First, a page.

Myth: The Therapist Has It All Together

man talking on phone while drivingEditor’s note: This article is the fifth in a series exploring why use of the term “patient” is harmful in the context of psychotherapy. For the fourth part, click here. For an introduction on the topic, click here.

Finally, let’s consider the idea that the therapist has it all together. The wise psychotherapist recognizes that within the therapeutic relationship, although there may be one person currently suffering, both members of the dyad will suffer during their lifetimes. We are all flawed, all part of the walking wounded, all struggling with our limitations and issues. All of us have been burdened by life, and all of us suffer. Therapists are not immune to suffering. In fact, it is the therapist’s own suffering which has equipped him or her to be able to help.

Many people assume that it’s the therapist’s degree or knowledge which makes him or her effective. Knowledge helps, but it is useless without a therapist’s ability to form compassionate relationships with the people they work with and to know, from the inside out, how to guide someone toward healing themselves. Furthermore, knowledge is potentially damaging in the hands of a therapist who has not done a sufficient amount of his or her own healing work.

My point is that therapists, just like the people they work with, are also on a journey toward health and wholeness. Those who grow into effective therapists are typically the ones who realized that they needed to get into their own therapy, have safely traveled to the most vulnerable places inside of themselves, have brought light to their blind spots, have witnessed and accepted their main protective strategies, and have learned to care for themselves in ways they’ve always needed.

These courageous therapists are the wounded healers who, because they have taken the path of healing, can apply their experiences to other people’s lives and struggles and more readily guide people through the process of transforming in therapy. At the other end of the spectrum are therapists who use their role and title as therapist as a defense against their own vulnerability, who don’t venture inward, who keep their wounds hidden in the shadows, who strive to help everyone else without ever getting their own help. These therapists may know how to fake it, may wind up wasting people’s time and money, and may sometimes cause great damage to the people they’re trying to help.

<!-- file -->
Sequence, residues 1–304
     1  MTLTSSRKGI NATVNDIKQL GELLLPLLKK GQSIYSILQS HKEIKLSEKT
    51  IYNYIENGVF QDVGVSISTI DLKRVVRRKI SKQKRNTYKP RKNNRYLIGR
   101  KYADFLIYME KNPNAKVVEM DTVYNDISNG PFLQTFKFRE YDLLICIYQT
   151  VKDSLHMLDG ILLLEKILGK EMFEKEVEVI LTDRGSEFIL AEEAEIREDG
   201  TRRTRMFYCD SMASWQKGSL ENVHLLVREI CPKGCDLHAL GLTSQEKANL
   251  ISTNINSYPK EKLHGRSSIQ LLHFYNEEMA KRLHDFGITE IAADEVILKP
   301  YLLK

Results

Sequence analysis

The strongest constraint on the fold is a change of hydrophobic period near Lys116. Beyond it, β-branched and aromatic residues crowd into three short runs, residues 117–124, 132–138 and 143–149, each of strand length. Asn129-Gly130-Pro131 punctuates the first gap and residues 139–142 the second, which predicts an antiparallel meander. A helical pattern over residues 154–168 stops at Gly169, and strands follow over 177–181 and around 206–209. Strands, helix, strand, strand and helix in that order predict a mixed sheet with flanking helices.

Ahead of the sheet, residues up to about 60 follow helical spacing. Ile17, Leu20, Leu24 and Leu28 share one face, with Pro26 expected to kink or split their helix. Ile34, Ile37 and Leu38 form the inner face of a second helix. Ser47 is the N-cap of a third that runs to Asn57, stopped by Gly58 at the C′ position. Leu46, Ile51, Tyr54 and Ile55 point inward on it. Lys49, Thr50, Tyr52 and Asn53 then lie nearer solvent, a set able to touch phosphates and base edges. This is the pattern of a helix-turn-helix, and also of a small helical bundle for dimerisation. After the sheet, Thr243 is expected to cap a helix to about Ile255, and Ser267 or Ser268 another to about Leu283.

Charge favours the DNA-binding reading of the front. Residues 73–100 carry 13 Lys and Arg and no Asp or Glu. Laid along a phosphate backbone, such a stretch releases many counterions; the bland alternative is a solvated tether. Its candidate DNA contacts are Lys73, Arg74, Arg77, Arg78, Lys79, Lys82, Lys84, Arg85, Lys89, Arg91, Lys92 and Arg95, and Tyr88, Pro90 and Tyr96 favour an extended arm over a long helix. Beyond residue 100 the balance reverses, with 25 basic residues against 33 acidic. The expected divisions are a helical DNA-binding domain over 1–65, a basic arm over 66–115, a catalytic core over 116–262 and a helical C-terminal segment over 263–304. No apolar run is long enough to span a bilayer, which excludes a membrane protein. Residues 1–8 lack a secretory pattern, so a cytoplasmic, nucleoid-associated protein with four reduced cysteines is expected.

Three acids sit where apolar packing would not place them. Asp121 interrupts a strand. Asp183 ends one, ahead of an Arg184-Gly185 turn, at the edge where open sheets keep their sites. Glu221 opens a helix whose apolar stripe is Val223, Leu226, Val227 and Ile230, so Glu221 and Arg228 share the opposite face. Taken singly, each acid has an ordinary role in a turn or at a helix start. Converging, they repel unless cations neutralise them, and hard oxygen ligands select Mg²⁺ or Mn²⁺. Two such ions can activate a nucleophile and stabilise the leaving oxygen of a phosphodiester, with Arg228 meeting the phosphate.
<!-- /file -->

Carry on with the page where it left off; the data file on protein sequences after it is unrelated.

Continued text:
All of this is to say that every therapist exits somewhere on the continuum of health, each having unique struggles, each having some issues or parts of themselves that have been addressed and explored and other parts which haven’t. Any given therapist will be healthier than the people they care for in some ways and unhealthier in others.

This is the necessary occupational hazard of being a good enough therapist—it forces the therapist to continually do his or her own psychotherapy, to face new issues and parts of themselves that have been provoked by the people they work with. In my experience consulting for other therapists, talking with colleagues, and from my own practice, most therapists, including myself, often notice their own unfinished business as a result of helping others.

For example, on Monday I might work with a person with a terminal illness, forcing me to face my own death anxiety. On Tuesday I might work with a couple struggling with the same communication problem I’m having in my own relationship. On Wednesday I might meet with someone who is harboring shame, triggering a similar shame within myself that I hadn’t tended to. On Thursday I might meet with a person and wind up feeling hopeless about helping them, causing me to question my skills as a therapist. Finally, on Friday I might meet with a parent who reminds me of my dad, bringing up my own unresolved grudges and necessitating that I check my countertransference. Thank god it’s Friday, right?

What I’m hoping to demonstrate is that just because the helper is helping doesn’t mean the helper has it all together. (Read more about this here.) If the person seeking help is lucky, the therapist will be healthier than the average bear, but there is no avoiding the fact all people struggle, suffer, and benefit from help.

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  • Alex

    August 19th, 2015 at 12:08 AM

    This is an important article on idealizing therapists. I was not totally aware until recently how much I was idealizing my current therapist as well as my former analyst from many years ago. I suppose some us desperately want to put others on a pedestal. It’s worth exploring WHY that is. Perhaps some us of feel LONELY if therapists (and other people) are seen as not having it all together.

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